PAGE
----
Speaking during an industry webinar earlier this month, he said: “Actually the truth is that while some landlords are leaving the sector, this sector is actually still increasing. That’s not terribly helpful to our argument, to be honest with you. But in the context of the cost of living and rising costs we have to tell that story and link the two.”
A spokesperson for the NRLA told openDemocracy: “Private landlords, both in and out of the NRLA’s membership, consistently report that they are uncertain about the future viability of their businesses and whether to continue to invest in residential property to let.
“NRLA polling, and surveys commissioned independent of our membership all indicate that landlords currently active in the PRS are selling properties at a faster rate than they are buying. In our view, this cannot be considered a positive trend against the backdrop of a crisis in housing supply.”
Across the country, tenants are facing record rent increases, with estate agents encouraging landlords to “take advantage” of soaring rents. Section 21 “no fault” evictions mean tenants can be forced out of their homes if the rent hikes aren’t accepted, leaving vulnerable renters at risk of homelessness.
Tenant activism groups say it is important the “false narratives” are being challenged.
Siobhan Donnachie, a spokesperson from the London Renters’ Union told openDemocracy: "It’s outrageous that the landlord lobby is peddling false narratives about leaving the sector while landlords continue to tighten their grip on our housing system. Renters have waited too long for change and it is disappointing that the government has not publicly challenged this misinformation sooner.”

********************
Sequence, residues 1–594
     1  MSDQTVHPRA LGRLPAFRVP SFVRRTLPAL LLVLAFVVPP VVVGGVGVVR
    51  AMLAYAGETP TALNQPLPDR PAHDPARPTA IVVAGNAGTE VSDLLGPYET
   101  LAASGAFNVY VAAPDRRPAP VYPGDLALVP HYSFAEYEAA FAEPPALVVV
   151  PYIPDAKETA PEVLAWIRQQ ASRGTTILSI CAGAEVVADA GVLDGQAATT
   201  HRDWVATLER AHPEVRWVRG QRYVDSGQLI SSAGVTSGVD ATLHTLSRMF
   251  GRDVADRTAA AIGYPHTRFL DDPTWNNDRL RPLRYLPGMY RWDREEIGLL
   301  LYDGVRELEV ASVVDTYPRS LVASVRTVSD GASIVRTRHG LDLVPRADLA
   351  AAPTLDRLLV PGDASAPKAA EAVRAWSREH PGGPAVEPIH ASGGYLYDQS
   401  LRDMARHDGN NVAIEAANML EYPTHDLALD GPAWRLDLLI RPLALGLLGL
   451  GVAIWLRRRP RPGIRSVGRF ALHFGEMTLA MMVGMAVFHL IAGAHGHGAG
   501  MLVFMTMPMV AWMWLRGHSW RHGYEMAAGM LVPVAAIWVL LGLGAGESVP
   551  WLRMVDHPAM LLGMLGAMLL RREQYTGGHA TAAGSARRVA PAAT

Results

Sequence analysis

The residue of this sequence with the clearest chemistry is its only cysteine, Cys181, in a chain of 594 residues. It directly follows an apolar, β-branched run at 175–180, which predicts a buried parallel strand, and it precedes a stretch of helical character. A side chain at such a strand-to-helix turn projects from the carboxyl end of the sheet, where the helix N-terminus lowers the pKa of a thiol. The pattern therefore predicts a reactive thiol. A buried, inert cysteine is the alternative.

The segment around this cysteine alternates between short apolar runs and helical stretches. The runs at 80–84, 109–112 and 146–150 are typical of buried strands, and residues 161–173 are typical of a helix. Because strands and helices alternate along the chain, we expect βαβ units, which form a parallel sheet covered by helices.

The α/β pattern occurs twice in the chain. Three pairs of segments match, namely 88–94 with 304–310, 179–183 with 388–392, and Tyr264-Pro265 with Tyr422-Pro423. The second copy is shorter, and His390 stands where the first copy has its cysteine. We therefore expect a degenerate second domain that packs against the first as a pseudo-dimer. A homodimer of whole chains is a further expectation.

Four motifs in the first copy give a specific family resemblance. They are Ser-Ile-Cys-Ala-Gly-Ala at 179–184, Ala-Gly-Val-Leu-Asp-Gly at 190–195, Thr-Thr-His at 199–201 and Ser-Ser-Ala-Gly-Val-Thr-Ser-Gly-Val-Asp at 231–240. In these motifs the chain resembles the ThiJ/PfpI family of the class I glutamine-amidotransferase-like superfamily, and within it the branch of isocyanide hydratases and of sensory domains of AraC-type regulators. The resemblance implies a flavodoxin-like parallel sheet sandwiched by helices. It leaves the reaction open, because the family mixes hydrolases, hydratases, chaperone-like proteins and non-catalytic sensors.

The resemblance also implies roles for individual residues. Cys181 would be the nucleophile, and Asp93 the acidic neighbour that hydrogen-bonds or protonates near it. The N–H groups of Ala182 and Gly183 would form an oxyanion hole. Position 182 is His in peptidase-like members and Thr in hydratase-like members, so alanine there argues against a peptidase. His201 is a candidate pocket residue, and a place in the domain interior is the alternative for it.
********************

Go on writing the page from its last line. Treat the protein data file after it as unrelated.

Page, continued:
“Private profiteering is still on the rise, just as we are still haemorrhaging social housing every year. Millions of renters are paying the price, trapped in a poor-quality, insecure and extortionate private renting sector.”
She added: “We cannot allow our housing system to be held hostage by those who seek only to line their pockets. We will continue to fight for a system that prioritises human need over profit.”
Why should you care about freedom of information?
From coronation budgets to secretive government units, journalists have used the Freedom of Information Act to expose corruption and incompetence in high places. Tony Blair regrets ever giving us this right. Today's UK government is giving fewer and fewer transparency responses, and doing it more slowly. But would better transparency give us better government? And how can we get it?
Join our experts for a free live discussion at 5pm UK time on 15 June.
Claire Miller Data journalism and FOI expert
Martin Rosenbaum Author of ‘Freedom of Information: A Practical Guidebook’; former BBC political journalist
Jenna Corderoy Investigative reporter at openDemocracy and visiting lecturer at City University, London
Chair: Ramzy Alwakeel Head of news at openDemocracy
We’ve got a newsletter for everyone
Get our weekly email
CommentsWe encourage anyone to comment, please consult the oD commenting guidelines if you have any questions.